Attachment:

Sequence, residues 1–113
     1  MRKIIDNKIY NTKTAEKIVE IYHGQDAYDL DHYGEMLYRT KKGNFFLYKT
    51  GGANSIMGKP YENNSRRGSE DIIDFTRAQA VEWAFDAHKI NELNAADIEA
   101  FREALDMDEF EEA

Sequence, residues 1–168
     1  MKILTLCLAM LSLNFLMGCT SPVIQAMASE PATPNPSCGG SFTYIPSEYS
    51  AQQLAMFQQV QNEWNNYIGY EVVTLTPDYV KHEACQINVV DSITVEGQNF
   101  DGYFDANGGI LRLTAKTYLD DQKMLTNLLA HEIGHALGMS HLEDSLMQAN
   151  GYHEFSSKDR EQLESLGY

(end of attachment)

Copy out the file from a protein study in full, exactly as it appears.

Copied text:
Sequence, residues 1–113
     1  MRKIIDNKIY NTKTAEKIVE IYHGQDAYDL DHYGEMLYRT KKGNFFLYKT
    51  GGANSIMGKP YENNSRRGSE DIIDFTRAQA VEWAFDAHKI NELNAADIEA
   101  FREALDMDEF EEA

Sequence, residues 1–168
     1  MKILTLCLAM LSLNFLMGCT SPVIQAMASE PATPNPSCGG SFTYIPSEYS
    51  AQQLAMFQQV QNEWNNYIGY EVVTLTPDYV KHEACQINVV DSITVEGQNF
   101  DGYFDANGGI LRLTAKTYLD DQKMLTNLLA HEIGHALGMS HLEDSLMQAN
   151  GYHEFSSKDR EQLESLGY